Are you and your pet healthy?
It’s an odd question, which you’ll probably answer depending on how you feel, especially if you’re suffering with, say, a cold or a broken leg. And if your pet is currently having treatment, it’s easy to say that he or she isn’t healthy, but would that automatically be the case? Is a contented cat with well-controlled hyperthyroidism any worse off than a depressed horse? Is a puppy with a rash any healthier than a very old dog without any obvious issues?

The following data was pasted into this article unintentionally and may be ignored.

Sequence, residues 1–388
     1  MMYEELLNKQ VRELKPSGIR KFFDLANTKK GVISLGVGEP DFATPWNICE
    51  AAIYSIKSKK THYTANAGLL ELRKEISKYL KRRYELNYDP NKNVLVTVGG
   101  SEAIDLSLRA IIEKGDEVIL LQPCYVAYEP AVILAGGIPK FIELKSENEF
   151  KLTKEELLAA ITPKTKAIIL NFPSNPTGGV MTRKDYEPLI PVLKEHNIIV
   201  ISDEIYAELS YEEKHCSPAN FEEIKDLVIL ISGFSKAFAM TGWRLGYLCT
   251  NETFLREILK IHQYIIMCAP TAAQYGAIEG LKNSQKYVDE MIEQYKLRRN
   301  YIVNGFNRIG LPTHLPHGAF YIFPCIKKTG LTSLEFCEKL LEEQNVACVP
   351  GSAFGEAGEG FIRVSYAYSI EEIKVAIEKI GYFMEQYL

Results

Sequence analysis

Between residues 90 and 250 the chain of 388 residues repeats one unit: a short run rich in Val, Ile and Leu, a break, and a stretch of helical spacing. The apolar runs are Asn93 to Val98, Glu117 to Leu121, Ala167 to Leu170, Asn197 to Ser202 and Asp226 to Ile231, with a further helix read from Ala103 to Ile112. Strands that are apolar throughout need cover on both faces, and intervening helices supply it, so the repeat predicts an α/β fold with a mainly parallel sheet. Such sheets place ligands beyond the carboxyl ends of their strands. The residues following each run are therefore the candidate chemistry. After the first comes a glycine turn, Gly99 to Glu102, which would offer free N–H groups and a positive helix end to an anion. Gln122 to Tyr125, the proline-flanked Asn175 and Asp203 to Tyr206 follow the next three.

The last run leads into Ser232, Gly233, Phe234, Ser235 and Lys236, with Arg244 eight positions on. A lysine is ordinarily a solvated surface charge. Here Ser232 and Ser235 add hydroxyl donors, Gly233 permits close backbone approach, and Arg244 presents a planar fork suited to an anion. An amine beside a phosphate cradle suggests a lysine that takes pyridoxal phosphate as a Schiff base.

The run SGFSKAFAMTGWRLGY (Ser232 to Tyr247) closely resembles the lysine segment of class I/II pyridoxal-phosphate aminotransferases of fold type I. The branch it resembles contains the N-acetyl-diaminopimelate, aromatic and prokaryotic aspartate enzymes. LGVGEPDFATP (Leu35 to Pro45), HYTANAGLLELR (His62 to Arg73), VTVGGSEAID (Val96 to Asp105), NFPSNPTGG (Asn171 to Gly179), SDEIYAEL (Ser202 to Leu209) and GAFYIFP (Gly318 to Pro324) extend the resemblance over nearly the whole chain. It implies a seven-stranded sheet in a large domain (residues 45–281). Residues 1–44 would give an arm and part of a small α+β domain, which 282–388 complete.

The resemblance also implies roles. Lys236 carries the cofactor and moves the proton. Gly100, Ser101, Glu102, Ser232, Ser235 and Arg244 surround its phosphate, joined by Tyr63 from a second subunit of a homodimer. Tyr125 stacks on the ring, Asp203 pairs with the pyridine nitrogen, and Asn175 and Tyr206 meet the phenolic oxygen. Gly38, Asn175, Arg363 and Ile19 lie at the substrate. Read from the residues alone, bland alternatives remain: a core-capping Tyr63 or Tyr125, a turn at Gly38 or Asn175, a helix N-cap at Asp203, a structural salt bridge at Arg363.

Defining health is like trying to catch fog in a net. To start, there are lots of different viewpoints of what it actually means, and it soon becomes apparent that perfect health is an impossible ideal, faced as we are by so many challenges every second of our lives. Unless you’re holding your breath, you’ll have breathed in a lot of germs just since you started reading this, one of which may make you ill next Tuesday. How depressing – unless, of course, you were hoping to avoid that work meeting next Tuesday, in which case the world is suddenly a brighter place.
Context matters with these things: a gut full of bacteria is normal; a lung full of bacteria isn’t. Worms aren’t something you’d want to have, but it’s not that long since diet pills for ladies contained tapeworm eggs